Continuing the Salut! Live interview with Rachel Unthank. Part one described the making of The Bairns
Listen to the detractors of Rachel Unthank and the Winterset and you get the impression that here is a band that is little more than a bunch of folk frauds, a sort of Girls Aloud that sees commercial mileage in throwing in strong regional dialect with a bit of folk in the hope of getting a novelty appearance on Top of the Pops.
I was as interested as anyone to know more of the path Rachel and her sister, Becky, took into folk. FROM the music? OF the music? Mere hangers-on?
You decide. And also have a look at Rachel's views on the Mudcat debate; she has seen everything from the bog standard "can’t sing for toffee" jibes to the "breath of fresh air" acclaim. And she's seen the stuff she describes, only slightly tongue in cheek, as "a bit vicious".
In my own comments on that thread, I have stated my own view that it is perfectly respectable to make constructive criticism of the band. There is no reason why such views should not be expressed strongly. But it seems to me that some contributors, not always prepared to put their names to their words, have gone further. That, again, is merely my opinion. Let the interview resume.........
What was your route into folk music? Indeed, do you regard yourself as a folk singer or is it more complex? How far, how high do you want to go?
The route into folk music for Becky and I was indoctrination from birth much like Niopha‘s up bringing on traditional Irish music. Our parents love folk music and we have always been completely surrounded by it. Niopha had a similar experience with her Irish parents love of Irish music. We grew up performing in Addison Rapper and Clog team, travelling around the country clog dancing. Both of our parents sing too. My Dad is in a four piece unaccompanied folk group that sing shanties and folk songs, and my Mam has always sung in folk choirs. We always went to festivals, concerts, ceilidhs and folk clubs and I have a vivid childhood memory of sitting under a table in a singaround with my sticker book, secretly soaking up the stories and songs. There was a lot of singing in our house hold and it is still a key element of any family knees up. I do think of myself as predominantly a folk singer. I have also always been a music lover of all genres so it is a little bit more complex as I think this wider listening has also informed my singing. Wherever this journey takes us, as long as I’m still singing I’ll be happy. I’m passionate about being creative with folk music. My motivation is compelled by a commitment to traditional music and being excited by artistic possibilities, not by commercial success. I love that people seem to be enjoying what we do, it’s exciting, but if it finishes tomorrow there will still be our family parties to practise for. I’d like to think that me and Becks will still be harmonising together when we are old ladies, whether that be at the Albert Hall or in our living room.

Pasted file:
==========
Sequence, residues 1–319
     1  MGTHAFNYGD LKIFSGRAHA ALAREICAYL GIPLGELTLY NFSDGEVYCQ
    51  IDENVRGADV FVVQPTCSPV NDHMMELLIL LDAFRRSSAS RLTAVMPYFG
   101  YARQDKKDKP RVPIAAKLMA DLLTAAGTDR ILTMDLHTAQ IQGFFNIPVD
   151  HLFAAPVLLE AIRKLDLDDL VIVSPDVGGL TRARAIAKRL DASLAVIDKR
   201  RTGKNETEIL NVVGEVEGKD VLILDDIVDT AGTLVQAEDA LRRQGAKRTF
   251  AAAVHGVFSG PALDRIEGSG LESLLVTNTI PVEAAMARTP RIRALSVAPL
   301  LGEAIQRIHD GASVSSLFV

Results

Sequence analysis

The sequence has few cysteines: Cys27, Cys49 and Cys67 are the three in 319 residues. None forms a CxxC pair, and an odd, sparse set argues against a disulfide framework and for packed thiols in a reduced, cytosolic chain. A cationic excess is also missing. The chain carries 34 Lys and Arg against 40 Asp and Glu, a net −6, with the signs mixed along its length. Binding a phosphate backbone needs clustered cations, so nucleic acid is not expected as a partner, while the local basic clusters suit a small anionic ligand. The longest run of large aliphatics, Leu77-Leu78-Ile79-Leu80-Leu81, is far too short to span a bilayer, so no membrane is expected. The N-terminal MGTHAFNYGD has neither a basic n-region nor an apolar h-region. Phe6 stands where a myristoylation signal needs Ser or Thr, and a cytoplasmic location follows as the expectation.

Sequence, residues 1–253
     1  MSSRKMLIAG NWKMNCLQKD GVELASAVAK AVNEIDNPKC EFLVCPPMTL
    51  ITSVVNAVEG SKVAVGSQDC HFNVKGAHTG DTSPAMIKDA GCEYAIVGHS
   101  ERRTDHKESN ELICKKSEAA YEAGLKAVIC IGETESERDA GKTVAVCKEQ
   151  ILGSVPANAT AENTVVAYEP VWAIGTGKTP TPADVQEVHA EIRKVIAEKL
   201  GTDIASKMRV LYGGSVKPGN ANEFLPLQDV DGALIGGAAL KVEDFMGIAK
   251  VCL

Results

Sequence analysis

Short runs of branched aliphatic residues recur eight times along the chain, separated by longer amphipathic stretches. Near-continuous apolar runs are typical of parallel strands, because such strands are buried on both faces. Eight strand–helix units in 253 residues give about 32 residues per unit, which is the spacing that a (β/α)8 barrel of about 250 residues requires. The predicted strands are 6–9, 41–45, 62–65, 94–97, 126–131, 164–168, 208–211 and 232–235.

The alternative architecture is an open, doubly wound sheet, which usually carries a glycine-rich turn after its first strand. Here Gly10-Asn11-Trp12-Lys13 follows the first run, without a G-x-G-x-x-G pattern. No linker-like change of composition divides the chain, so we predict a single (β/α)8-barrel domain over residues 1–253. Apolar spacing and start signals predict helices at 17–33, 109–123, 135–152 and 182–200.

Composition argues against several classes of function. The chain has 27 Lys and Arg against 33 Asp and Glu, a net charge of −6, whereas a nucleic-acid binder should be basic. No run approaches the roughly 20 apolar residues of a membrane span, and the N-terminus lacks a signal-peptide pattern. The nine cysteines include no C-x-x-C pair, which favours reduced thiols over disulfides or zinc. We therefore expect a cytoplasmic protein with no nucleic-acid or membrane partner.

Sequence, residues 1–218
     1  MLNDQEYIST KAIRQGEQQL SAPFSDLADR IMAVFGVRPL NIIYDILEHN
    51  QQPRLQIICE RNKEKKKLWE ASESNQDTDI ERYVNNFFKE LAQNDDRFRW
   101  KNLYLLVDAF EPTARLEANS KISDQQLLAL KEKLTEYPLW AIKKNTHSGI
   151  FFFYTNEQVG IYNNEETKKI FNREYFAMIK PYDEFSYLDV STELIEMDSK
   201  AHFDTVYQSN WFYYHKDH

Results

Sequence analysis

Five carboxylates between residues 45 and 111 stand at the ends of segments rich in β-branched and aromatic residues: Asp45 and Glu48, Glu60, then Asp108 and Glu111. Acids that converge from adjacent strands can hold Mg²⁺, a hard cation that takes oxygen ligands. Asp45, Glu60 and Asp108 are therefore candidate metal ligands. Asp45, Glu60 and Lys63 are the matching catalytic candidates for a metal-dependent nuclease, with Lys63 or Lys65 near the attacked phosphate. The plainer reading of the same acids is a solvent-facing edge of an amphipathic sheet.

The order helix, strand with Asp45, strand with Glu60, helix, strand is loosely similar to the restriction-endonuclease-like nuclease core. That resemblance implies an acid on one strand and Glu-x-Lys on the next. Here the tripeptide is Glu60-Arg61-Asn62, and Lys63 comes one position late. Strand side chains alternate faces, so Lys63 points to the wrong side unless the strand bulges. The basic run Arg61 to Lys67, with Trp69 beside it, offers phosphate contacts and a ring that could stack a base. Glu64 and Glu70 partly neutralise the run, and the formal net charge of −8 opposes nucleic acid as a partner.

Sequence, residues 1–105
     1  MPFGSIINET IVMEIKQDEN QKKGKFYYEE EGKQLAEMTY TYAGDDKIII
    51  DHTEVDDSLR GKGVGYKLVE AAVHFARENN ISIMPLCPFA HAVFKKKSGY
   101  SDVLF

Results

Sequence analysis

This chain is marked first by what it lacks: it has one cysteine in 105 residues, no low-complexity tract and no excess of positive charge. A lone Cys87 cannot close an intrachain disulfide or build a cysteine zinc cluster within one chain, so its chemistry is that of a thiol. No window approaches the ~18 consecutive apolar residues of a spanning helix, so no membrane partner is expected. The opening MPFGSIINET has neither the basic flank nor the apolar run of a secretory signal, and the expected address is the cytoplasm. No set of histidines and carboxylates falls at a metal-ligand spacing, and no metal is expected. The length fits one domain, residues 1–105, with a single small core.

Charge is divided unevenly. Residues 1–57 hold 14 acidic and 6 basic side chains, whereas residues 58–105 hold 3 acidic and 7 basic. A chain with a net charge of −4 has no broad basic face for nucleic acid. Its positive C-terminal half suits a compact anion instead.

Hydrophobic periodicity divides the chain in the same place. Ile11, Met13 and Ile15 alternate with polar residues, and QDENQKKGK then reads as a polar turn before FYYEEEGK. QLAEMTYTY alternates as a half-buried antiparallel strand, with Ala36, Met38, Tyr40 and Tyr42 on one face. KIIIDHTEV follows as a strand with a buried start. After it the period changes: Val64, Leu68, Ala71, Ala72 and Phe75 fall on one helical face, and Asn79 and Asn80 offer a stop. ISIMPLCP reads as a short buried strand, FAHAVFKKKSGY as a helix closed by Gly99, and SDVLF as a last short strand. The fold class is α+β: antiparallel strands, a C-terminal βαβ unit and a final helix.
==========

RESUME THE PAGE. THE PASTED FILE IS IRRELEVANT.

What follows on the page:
The North East must be incredibly important to you (as it is to me, though I'm 35 years out of it). Can you describe your feelings about the region in general and, though as a Sunderland fan I ask this with due trepidation, the Toon in particular